The Fitbit application on my phone informed me that I’d walked 10.9 miles today. I started off at Forest Park, not too far from Zen’s house. The park itself is huge and contains all sorts of lakes, museums, lawns and a golf course. St Louis was the place to be in 1904, not only hosting the Olympic Games but also the World Fair, which was based in Forest Park. Many of the buildings are still standing today, with the St Louis Art Museum being perhaps the most impressive. I had a look around the Missouri History Museum and it certainly seems that there’s plenty of history that’s taken place in Missouri. Charles Lindbergh and Joseph Pulitzer were from here and there was a Route 66 Exhibition to celebrate the famous road that passes through St Louis.

It seems as though St Louis is almost too big a city for what is there, hence the large walking distance covered. There are three main sections. In addition to the area around Forest Park, the midtown section is where the Fox Theatre is, along with St Louis University and some other stuff. Then there’s downtown, with the Gateway Arch, river, offices, government buildings, historic buildings, as well as a few bars and restaurants. In between are large sections of disused industrial areas, wastelands and simply gaps where buildings have probably stood in the past. St Louis is one of those post-industrial cities that has had a steep population decline over time. From a peak of 850,000 in 1950, this figure is now 315,000, which probably explains the gaps in the landscape.

To escape the heat and humidity, as well as the bugs which seem plentiful in the St Louis air, I stopped for a pint. At the bar I managed to get talking to a local barfly. This year the St Louis Rams have moved to Los Angeles in the way sports franchises in North America can and do, a concept that seems inconceivable and ridiculous to many outsiders. Dan said that although they won the Super Bowl in 1999, they have been awful for years and they just didn’t seem to capture the imagination of the St Louis public. According to Dan, baseball is king in St Louis with the Cardinals being huge here. He’s more of an ice hockey fan and told me if I ever go to see a St Louis Blues game, smuggle some whiskey in as the arena prices are ridiculous. Obviously he must have be down as a fellow degenerate drinker!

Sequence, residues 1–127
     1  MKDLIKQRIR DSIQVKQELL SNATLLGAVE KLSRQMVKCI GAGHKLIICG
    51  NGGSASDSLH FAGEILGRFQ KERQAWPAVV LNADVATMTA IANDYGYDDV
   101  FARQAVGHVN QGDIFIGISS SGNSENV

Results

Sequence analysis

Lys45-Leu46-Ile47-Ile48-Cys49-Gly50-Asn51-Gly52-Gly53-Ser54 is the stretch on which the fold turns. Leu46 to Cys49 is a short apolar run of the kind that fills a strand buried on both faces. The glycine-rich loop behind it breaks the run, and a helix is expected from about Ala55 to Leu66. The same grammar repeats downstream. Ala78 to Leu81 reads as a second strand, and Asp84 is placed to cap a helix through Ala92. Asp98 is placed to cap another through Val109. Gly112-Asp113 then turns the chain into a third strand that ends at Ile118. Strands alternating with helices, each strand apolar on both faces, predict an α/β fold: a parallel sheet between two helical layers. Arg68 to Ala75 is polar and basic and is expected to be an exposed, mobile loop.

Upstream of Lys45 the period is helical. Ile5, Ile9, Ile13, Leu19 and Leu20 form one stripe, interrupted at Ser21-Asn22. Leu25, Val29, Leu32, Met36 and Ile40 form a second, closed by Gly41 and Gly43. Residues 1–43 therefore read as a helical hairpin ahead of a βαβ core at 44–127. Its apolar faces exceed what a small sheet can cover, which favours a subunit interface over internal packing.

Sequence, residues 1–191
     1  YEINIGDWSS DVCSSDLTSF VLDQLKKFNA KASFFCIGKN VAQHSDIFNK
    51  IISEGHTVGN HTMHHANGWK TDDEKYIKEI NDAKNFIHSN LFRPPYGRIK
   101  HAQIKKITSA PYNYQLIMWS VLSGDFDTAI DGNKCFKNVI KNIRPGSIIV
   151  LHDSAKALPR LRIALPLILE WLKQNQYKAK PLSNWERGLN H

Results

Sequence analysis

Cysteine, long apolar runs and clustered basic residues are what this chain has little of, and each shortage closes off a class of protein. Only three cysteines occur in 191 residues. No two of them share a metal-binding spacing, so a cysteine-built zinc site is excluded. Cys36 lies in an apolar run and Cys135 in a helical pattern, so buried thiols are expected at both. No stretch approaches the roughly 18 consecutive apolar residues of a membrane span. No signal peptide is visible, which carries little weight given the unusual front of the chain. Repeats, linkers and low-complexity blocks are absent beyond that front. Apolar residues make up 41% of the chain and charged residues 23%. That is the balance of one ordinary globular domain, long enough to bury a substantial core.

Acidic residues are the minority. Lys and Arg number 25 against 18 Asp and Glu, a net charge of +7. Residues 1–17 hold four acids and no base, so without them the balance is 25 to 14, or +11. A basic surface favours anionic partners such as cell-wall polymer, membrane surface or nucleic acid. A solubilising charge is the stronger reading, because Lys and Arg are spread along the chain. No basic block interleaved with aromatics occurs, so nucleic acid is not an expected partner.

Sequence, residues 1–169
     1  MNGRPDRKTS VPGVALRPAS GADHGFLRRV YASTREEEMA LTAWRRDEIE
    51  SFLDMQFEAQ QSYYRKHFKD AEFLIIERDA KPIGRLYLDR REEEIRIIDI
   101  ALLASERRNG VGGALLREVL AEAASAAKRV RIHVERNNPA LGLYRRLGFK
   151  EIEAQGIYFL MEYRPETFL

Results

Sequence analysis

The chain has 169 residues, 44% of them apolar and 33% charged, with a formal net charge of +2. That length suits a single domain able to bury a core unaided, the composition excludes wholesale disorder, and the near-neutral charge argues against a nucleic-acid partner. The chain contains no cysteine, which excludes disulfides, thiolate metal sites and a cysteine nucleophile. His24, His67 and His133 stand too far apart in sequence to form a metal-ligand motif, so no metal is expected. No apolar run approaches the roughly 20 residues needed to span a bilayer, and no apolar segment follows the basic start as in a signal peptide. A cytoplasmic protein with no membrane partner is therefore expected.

I finished off at the Delmar Loop, one of the so-called trendy areas frequented by the younger crowd. This is also the location of the St Louis Walk Of Fame, essentially the local version of the thing in Hollywood. Some places have these sorts of attractions where there are barely enough celebrities to warrant such a tribute but there’s loads of legends from the St Louis area. You have Maya Angelou, Jimmy Connors, Scott Joplin, John Goodman, Tennessee Williams, Tina Turner, William Burroughs, Miles Davis, TS Eliot and Chuck Berry, who also has a statue adorning the sidewalk. I’ve always presumed that Chuck Berry is dead but apparently he’s still going strong. Good job I checked as I have just deleted the last potentially libelous sentence, alluding to his personal conduct! I popped into the Blueberry Hill Bar for a drink. It’s a bit touristy but is a nice enough place with plenty of cool memorabilia.

Back at the Zen’s, the Indian medical students are watching Grown Ups on DVD. They seemed to be loving the stupid jokes. I’d go as far as guessing that nobody has probably laughed more at this film than these two! While I can just about tolerate daft Adam Sandler comedies I draw the line at watching Judy Garland musicals. When Meet Me in St Louis came on and Zen and the girls started singing along, that was the cue for me to go to bed!

Forest Park with appalling spelling on the sign
St Louis Art Museum
Beautiful old architecture
Another one
The Blueberry Hill Bar
I always thought he was British